It’s no surprise that the USA will host the biggest, most expensive and most important elections of the year on November 3rd. Donald Trump’s efforts to gain a second term will be played out across news bulletins around the world, whilst his various Democratic opponents will aim to get airtime when faced with the most media-dominant President in history.

It is often said that a second term president becomes a lame duck almost immediately, but that won’t be the case for Trump who has shown that he is willing to make quick, and often un-signalled, decisions on major issues. Apart from tax reform, Trump has relied less on legislation than almost any President before him. But he has been willing to withdraw from international agreements and upset the established liberal world order like never before.

Down-ballot, the chances of radical shifts in the House or Senate are slim, but we will see how the impeachment efforts will play out on those races.

However the US elections are far from being the only pivotal polls in 2020. Two contests – in Georgia and Belarus – will help us to understand the limits of Russian influence in countries in their immediate orbit and a third – Serbia – is a traditional Russian ally.

There are also re-runs of elections held originally in 2019 which, for different reasons, failed to produce a result. Israel will hold its third election in a year whilst Bolivia will attempt a clean election following the departure of Evo Morales.

There are also key contests in Egypt and Myanmar – countries dominated by the military – and elections in South Korea, North Macedonia and Iran which will be closely watched by foreign governments as they could signal the impact of international decisions on domestic attitudes.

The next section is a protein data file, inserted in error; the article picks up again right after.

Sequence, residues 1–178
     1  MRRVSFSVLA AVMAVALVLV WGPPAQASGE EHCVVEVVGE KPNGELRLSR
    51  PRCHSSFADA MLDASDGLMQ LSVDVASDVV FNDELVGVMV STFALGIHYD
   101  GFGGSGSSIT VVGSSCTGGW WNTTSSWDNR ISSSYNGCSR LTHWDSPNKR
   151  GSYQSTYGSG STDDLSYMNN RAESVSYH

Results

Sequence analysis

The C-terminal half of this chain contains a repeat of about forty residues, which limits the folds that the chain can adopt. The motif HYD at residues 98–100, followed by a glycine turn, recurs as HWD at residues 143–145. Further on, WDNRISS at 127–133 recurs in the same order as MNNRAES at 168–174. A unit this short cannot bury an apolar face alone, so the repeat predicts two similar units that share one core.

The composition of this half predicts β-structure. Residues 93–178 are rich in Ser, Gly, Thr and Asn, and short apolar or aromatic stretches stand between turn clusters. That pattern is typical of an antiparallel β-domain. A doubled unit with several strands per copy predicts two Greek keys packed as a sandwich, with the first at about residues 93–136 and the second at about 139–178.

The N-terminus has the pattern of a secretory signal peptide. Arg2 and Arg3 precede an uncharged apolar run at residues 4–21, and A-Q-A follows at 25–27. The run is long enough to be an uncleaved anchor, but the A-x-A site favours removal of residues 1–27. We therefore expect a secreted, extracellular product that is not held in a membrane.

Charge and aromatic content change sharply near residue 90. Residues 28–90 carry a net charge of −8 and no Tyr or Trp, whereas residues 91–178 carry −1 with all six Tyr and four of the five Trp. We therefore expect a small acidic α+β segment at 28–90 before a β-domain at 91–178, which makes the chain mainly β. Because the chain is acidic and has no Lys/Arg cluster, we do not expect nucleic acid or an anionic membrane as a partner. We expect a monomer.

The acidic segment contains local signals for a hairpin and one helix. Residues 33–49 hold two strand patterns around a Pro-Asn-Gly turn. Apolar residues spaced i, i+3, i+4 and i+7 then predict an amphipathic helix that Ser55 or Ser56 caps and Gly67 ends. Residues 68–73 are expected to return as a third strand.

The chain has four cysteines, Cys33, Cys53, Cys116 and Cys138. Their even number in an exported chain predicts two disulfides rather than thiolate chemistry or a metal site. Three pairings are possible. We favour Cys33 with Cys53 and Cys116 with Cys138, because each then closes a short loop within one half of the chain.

Iran, Parliament (March)

Iran continues to play its role as the grit in the oyster of Middle East politics with a network of official and semi-official proxies around the region. The country has always had its reformers and its hardliners and the spring election will be another test of strength between those factions.

Elections in Iran are largely conducted on a professional and democratic basis but with all but 5% of candidates (who represent religious minorities) subject to approval by the Islamic authorities.

The last elections in 2016 saw reformists emerge as the largest faction but without an overall majority. Iran has a reputation for huge numbers of candidates as 6,200 candidates ran for the 290 seats in 2016.

As well as its funding for militant groups and factions, Iran has also built up significant cyber capabilities and has allegedly used them extensively to interfere with the functions of other states for the past two years. Its nuclear programme is of concern to the west and the USA has pulled out of the JCPOA leading some to wonder whether military strikes are imminent. Iran’s position on the Staits of Hormuz also gives it unique powers to affect the world’s oil supplies.

Every country will be watching these elections with interest to see if the results may affect any of these interests. But it seems safe to predict that there will be no outcome that would comprehensively reverse any aspect of Iran’s current course.

Israel, Parliament (March)

The third election in Israel in a year will again be between Benjamin Netanyahu and Benny Gantz with the former having won his Likud leadership primary at the end of 2019. This poll comes after a second indecisive election and the failure to form a government under Israel’s list election system which splits Parliamentary representation between ten different parties. 

It is impossible to foresee a majority party emerging and this contest will see voters tasked with giving either Likud or Gantz’s Blue and White the upper hand. But there is no provision for what might happen if the parties are again evenly split. Netanyahu has refused to give up the post of Prime Minister in any coalition in which his party features and Gantz refuses to serve under the longest serving Prime Minister the country has ever had.